Part of the fun of Japanese cinema, animated or live action, is the culture shock that goes along with the experience. “Ghost in the Shell,” without explicitly rejecting the original manga and films, softens everything interesting, or grotesque, about its universe. For instance, Major wore a spandex suit in the live action adaptation, but was nude in parts of the original. The violent scenes in the live action were also surprisingly bloodless — both of these changes garnered a safer PG-13 rating.

But the biggest shortcoming of “Ghost in the Shell” is how bluntly and gracelessly it handles its story’s themes. The series conceptually deals with questions of consciousness, identity, memory and the merging of the organic with the digital. This new film has almost no time for introspective dialogue with its short runtime and a propulsive, blockbuster sense of pacing. As a result, the few forced moments spent building themes are spliced in as recovery time between stylized violence or visually enhanced vistas.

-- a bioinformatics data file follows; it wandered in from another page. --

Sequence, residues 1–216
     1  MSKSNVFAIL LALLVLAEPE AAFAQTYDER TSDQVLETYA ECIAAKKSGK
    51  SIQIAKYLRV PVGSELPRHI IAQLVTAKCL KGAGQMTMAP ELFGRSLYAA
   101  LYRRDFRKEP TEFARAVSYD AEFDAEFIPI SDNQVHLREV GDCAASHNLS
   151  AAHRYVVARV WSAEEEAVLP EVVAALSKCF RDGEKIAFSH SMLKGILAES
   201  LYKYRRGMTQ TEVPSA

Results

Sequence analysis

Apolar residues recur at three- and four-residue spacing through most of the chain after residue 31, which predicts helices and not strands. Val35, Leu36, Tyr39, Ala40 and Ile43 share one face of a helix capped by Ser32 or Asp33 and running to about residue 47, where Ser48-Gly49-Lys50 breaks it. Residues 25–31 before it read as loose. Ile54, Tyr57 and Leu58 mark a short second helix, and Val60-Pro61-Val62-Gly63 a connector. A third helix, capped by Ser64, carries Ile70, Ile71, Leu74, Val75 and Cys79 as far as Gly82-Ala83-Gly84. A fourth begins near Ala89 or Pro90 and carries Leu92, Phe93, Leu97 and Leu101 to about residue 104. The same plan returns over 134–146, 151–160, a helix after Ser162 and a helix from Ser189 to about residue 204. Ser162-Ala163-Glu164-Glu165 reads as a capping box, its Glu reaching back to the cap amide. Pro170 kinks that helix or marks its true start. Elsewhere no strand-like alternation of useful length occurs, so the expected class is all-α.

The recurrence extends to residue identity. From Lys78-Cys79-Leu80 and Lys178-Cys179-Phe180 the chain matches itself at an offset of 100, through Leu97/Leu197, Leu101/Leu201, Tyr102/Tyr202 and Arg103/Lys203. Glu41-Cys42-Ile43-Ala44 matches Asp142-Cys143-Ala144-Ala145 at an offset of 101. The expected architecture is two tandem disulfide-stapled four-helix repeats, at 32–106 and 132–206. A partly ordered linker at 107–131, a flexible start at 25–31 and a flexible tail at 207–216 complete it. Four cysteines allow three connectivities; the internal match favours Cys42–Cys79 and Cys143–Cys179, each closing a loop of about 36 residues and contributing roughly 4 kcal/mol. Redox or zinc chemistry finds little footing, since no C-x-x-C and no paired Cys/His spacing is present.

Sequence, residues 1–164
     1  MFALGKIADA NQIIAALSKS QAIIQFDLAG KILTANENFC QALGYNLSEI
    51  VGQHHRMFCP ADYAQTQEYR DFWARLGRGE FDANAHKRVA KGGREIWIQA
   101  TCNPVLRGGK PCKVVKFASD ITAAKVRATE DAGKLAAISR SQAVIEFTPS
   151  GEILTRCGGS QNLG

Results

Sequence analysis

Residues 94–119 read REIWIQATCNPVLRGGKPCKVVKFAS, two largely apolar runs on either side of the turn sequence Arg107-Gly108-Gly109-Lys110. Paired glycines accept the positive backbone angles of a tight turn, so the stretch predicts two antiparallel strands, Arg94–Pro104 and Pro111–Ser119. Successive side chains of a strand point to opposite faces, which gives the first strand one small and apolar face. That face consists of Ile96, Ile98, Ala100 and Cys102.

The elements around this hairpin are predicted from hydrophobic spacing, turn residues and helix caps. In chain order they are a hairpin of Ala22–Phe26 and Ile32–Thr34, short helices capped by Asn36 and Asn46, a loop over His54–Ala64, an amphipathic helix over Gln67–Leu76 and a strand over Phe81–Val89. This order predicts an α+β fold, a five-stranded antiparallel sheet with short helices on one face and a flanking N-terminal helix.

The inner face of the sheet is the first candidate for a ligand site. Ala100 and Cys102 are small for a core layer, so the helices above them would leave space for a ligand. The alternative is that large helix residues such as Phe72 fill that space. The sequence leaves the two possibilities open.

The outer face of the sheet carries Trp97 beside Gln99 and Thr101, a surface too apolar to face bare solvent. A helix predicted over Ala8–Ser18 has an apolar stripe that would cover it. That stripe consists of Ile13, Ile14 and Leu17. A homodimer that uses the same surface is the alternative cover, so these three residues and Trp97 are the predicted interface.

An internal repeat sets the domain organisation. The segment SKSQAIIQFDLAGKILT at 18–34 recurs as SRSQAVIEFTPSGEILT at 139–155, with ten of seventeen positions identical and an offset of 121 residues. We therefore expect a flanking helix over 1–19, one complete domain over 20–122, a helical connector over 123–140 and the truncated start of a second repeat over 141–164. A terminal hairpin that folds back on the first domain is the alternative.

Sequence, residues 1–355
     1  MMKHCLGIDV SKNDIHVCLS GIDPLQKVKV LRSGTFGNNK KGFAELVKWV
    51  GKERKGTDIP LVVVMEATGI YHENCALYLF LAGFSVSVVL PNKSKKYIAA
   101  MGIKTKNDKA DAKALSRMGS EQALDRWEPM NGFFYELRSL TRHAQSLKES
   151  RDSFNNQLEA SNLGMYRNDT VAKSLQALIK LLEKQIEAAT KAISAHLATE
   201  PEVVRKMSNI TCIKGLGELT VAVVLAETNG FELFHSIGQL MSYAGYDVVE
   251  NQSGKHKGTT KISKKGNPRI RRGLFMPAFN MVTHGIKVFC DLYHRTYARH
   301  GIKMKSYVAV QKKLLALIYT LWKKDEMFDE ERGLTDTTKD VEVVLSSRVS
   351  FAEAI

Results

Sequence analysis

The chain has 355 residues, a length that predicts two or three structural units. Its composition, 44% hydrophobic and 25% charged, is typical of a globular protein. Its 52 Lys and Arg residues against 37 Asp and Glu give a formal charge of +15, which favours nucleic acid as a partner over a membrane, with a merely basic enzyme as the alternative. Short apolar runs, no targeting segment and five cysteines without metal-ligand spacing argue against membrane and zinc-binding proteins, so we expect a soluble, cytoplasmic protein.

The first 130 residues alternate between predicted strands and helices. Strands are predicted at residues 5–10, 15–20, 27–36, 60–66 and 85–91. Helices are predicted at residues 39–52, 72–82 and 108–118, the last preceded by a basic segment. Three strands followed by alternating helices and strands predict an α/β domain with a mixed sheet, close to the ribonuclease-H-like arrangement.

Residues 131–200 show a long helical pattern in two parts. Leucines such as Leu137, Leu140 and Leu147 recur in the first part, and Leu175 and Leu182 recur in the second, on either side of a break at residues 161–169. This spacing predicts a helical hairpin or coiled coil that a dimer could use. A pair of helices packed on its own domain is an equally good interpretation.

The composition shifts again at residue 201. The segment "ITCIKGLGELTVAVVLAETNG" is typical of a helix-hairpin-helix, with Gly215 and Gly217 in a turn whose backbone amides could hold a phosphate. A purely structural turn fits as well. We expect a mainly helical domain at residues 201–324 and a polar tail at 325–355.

Despite the missed opportunities in the film’s plot and character development, the cinematography and production design work together to bring the futuristic setting into a convincing live-action vision. The new film can’t help but recycle some of the best sequences and moments from the 1995 film — like the building dives and Major’s surreal fight in shallow water while utilizing her invisibility. In both the reenacted and original scenes, the action is cleanly shot and proficiently choreographed.

Recognizing the potential of its source material only in moments of inspired visuals from director Rupert Sanders, this adaptation thankfully doesn’t set up sequels.

Though there are some inspired moments of actual filmmaking, “Ghost in the Shell” is lacking in its own voice and personality, relying instead on the preexisting popularity of an established franchise.